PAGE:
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By Jessica Spitz

Several survivors of sexual abuse at the hands of doctors testified before the California State Assembly’s appropriations committee on Wednesday to push for a bill that would require physicians to notify their patients if they are disciplined as a result of misconduct.

This is the third time in three years that State Senator Jerry Hill, a Democrat from San Mateo, has attempted to put the bill before the state legislature for a vote — but this time he is doing so in the #MeToo era with a spotlight on cases like former USA Gymnastics team doctor Larry Nassar and University of Southern California gynecologist George Tyndall.

The "Patient’s Right to Know Act" would make California the first state to require that doctors placed on probation due to sexual and other forms of misconduct — including drug or alcohol abuse, a criminal conviction involving harm to a patient, or inappropriate prescriptions — notify their patients.

Some of the many former patients of Nassar who have accused him of molestation. Mike Clark / The Grand Rapids Press via AP file

First to testify was Audry Nafziger, a law student at USC at the time when Tyndall allegedly assaulted her and now the chief sex crimes prosecutor for Ventura County.

"Why wouldn’t I trust my doctor? I was particularly vulnerable, Dr. Tyndall knew I trusted him and used his position of power to order the nurse out of the room and sexually abuse me," Nafziger said.

Former Team USA gymnast Jeanette Antolin, who was abused by Nassar, also testified. The committee limited formal testimony to two speakers, but former Michigan State University softball player Tiffany Thomas Lopez and former USC graduate student Lucy Chi also spoke briefly in support of the bill.

According to Hill, doctors are currently only required to notify their insurance company and the hospital or clinic with which they are affiliated if they are placed on probation.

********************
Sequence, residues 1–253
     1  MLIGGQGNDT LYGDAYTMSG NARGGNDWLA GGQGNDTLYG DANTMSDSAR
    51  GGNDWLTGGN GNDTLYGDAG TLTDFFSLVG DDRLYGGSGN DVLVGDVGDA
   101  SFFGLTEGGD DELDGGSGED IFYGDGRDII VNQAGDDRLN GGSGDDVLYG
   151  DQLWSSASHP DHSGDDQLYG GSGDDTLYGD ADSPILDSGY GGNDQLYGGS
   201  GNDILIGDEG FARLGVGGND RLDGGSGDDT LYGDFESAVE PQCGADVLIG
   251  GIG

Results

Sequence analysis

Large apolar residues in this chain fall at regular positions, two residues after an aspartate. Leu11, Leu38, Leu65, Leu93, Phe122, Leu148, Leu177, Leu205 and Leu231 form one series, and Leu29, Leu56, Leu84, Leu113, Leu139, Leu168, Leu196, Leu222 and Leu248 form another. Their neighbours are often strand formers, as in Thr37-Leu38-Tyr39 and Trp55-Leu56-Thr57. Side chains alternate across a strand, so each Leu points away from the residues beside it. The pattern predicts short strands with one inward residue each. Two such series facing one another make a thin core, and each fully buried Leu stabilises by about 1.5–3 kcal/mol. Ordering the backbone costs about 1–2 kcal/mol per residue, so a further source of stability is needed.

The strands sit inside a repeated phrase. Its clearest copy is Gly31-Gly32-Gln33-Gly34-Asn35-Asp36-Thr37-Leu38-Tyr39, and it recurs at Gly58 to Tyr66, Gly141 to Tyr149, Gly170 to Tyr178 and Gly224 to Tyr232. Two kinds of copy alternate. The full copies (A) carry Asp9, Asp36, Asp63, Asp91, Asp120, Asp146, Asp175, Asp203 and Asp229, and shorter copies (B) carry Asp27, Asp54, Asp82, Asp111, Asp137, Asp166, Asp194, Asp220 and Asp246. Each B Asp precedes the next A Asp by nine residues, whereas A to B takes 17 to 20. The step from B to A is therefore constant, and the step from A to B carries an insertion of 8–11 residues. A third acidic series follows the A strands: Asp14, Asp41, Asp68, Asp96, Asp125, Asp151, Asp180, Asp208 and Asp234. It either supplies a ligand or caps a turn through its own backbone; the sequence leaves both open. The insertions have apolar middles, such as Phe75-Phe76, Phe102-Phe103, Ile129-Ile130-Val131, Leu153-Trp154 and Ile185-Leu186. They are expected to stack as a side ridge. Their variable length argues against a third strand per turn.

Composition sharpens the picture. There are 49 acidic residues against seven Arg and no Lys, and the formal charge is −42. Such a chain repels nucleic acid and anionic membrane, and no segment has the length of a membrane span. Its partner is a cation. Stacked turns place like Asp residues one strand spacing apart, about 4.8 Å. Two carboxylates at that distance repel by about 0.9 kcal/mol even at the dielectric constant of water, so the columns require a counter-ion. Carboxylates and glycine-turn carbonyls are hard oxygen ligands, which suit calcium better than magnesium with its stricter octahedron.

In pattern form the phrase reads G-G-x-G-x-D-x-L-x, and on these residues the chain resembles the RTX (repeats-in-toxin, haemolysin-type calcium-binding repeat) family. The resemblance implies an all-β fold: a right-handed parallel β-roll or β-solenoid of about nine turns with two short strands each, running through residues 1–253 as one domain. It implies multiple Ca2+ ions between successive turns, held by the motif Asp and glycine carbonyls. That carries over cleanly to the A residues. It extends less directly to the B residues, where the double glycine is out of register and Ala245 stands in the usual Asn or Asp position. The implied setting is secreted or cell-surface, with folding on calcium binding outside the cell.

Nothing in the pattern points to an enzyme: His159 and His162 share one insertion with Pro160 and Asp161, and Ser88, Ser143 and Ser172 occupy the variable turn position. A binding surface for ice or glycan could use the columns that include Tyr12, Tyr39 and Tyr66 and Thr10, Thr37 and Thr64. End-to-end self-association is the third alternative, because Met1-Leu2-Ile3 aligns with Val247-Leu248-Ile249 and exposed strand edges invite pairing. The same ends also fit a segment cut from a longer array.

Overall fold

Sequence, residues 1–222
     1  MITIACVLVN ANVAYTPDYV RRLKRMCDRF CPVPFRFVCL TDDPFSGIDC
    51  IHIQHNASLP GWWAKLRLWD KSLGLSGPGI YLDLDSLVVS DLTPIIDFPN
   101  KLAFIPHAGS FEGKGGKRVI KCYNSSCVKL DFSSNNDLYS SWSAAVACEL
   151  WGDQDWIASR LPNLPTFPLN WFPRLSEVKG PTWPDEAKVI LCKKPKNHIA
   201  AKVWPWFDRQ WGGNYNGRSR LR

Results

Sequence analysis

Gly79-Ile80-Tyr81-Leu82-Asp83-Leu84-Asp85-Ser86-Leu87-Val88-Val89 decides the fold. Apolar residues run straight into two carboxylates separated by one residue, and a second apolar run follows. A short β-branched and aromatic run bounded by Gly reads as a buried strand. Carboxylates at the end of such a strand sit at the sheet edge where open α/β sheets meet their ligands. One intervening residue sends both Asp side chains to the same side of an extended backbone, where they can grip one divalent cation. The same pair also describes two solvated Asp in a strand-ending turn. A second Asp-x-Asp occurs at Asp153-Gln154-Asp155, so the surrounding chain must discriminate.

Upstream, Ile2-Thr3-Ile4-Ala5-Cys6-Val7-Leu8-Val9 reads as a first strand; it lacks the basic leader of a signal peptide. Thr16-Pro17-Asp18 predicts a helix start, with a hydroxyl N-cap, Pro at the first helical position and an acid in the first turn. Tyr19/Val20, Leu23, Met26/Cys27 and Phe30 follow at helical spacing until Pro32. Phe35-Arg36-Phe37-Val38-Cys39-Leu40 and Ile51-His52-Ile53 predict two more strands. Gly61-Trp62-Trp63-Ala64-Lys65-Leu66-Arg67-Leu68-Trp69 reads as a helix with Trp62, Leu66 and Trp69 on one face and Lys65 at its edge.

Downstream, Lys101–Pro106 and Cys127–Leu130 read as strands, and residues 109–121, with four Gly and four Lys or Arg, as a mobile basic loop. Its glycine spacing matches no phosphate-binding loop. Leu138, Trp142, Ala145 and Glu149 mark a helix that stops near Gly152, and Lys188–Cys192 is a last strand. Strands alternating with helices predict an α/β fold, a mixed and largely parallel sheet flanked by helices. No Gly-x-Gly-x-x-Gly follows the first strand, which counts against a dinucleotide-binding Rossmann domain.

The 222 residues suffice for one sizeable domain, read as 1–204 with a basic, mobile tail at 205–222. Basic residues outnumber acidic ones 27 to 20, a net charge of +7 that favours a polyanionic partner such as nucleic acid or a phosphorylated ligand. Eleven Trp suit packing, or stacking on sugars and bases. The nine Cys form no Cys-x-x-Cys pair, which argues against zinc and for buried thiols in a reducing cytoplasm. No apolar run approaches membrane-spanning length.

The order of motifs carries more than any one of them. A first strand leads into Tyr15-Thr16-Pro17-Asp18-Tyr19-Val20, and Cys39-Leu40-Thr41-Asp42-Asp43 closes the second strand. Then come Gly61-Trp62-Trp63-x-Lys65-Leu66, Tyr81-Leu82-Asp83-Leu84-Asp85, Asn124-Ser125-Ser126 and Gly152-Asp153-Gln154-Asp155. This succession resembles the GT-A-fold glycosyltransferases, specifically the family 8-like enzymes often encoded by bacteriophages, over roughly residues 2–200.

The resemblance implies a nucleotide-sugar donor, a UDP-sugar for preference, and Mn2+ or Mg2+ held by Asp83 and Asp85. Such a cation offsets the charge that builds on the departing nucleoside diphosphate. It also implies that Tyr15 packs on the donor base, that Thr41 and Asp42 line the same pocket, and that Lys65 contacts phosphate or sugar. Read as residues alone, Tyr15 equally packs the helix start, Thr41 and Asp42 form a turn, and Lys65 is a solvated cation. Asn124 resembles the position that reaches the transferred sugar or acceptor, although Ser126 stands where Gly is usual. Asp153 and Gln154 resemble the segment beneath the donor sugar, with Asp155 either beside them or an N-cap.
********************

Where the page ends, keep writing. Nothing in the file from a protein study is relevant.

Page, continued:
"The most important person in the healthcare continuum is the patient and they're not aware of this," Hill said.

Patients are currently only able to find this information if they are aware that it exists publicly and take the initiative to check online.

"I think it’s important for patients — especially vulnerable patients, children, the elderly, even people who are not capable of going online for whatever reason— to have access to this information so they could make an informed decision," Chi said.

Hill said that the bill has received pushback from the California Medical Association because the organization is concerned that patients would not want to return to certain doctors — who may then go out of business.

A spokesperson for the CMA sent a statement to NBC News saying the organization "has long been dedicated to real solutions that properly investigate and remove bad actors from the medical profession. We are continuing to work with the legislature and stakeholders to protect patients, strengthen transparency and preserve due process."

Hill first became interested in this type of law when an Orange County doctor linked to 16 overdose deaths was placed on probation. He said that the issue has become even more pressing after recent high-profile sexual misconduct cases.

"Almost every time we turn around there’s some other example of [misconduct]," Hill said. "It certainly places this issue on the forefront."

The State Assembly appropriations committee has until August 17 to decide whether or not to pass the bill. If the bill makes it out of committee it will face a vote of the full Assembly.

"If you’re a doctor, you shouldn’t be able to hide behind your white coat," Nafziger told NBC News. "Patients should be able to make an informed decision as to who’s going to touch their body and treat them."